From: Jet Propulsion Laboratory
Posted: Wednesday, April 9, 2008
The Cassini spacecraft snapped this exquisite, close-up view of Saturn's moon Janus, looking toward the south polar region, on Feb. 20, 2008. Janus is 181 kilometers (113 miles) across.
The image was taken in visible light with the Cassini spacecraft narrow-angle camera. The view was acquired at a distance of approximately 169,000 kilometers (105,000 miles) from Janus and at a Sun-Janus-spacecraft, or phase, angle of 71 degrees. Image scale is 1 kilometer (0.6 mile) per pixel.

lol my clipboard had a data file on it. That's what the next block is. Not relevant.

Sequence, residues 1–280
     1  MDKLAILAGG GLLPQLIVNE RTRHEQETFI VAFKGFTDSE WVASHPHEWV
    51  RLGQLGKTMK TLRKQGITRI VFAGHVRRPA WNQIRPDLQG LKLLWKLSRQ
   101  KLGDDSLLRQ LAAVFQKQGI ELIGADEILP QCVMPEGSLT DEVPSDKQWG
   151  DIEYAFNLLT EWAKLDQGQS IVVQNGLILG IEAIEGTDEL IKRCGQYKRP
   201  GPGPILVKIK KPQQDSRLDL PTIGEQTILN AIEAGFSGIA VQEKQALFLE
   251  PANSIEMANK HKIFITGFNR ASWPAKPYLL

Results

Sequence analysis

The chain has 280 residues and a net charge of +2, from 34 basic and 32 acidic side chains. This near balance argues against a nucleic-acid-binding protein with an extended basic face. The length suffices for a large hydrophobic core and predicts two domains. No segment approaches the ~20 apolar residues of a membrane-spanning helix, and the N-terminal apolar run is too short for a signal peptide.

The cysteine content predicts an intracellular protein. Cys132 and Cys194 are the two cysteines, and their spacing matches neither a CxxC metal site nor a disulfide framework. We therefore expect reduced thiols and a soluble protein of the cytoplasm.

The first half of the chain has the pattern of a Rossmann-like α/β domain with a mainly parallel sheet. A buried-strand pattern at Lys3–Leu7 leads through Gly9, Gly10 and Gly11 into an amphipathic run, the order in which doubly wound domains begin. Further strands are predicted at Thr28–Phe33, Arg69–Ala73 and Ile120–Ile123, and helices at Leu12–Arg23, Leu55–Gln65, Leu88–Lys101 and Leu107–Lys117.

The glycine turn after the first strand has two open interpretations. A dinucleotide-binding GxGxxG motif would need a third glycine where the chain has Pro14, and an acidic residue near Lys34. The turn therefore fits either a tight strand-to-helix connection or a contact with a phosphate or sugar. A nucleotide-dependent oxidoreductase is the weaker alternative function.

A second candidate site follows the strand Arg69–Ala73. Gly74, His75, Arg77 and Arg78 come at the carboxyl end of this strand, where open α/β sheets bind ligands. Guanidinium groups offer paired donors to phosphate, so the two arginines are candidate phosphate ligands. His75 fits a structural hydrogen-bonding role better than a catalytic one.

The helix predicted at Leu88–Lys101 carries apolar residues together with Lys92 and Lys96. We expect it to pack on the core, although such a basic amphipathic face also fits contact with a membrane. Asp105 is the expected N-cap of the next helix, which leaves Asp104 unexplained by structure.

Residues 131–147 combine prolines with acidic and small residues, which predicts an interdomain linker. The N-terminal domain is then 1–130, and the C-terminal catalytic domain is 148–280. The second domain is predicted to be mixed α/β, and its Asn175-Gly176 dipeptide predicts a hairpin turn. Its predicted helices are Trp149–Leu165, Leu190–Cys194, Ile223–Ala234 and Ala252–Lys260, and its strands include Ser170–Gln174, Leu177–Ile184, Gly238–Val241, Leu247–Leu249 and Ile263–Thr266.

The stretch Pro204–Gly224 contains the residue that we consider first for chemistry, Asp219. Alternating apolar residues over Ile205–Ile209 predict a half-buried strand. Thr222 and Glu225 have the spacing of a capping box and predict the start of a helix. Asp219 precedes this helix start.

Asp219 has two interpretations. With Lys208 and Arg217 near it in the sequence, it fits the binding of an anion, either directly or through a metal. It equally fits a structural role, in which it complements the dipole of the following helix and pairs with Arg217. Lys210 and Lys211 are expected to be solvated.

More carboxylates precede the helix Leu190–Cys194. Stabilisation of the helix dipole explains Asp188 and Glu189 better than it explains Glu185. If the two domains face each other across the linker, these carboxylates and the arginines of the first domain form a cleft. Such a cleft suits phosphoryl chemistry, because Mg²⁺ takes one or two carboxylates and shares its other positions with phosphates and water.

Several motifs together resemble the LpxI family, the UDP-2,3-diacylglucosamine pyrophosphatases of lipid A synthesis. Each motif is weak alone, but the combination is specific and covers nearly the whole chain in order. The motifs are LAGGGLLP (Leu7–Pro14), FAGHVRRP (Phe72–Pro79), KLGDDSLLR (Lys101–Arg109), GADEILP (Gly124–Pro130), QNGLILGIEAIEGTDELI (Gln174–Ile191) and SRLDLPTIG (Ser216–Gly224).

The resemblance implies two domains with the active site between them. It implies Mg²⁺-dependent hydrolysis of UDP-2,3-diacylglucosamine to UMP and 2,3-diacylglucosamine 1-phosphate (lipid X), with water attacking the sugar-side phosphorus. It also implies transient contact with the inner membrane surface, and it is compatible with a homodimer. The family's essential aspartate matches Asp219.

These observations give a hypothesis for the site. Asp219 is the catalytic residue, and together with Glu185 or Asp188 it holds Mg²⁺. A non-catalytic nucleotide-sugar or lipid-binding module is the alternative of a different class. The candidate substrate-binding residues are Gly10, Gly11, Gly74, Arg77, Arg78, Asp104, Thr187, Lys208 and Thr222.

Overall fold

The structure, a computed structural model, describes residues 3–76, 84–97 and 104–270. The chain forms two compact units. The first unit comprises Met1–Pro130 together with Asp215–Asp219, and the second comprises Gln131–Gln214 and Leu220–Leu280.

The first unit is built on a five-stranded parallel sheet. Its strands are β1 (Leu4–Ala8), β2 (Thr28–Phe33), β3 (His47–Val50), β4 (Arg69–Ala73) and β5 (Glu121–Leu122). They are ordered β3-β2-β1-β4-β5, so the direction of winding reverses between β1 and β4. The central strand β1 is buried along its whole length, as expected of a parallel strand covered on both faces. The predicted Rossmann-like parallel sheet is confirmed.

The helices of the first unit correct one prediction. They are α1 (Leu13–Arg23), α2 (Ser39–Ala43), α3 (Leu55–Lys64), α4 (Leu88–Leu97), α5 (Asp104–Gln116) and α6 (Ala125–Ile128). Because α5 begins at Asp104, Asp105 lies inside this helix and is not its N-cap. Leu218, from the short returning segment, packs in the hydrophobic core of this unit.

The Cassini-Huygens mission is a cooperative project of NASA, the European Space Agency and the Italian Space Agency. The Jet Propulsion Laboratory, a division of the California Institute of Technology in Pasadena, manages the mission for NASA's Science Mission Directorate, Washington, D.C. The Cassini orbiter and its two onboard cameras were designed, developed and assembled at JPL. The imaging operations center is based at the Space Science Institute in Boulder, Colo.
Credit: NASA/JPL/Space Science Institute
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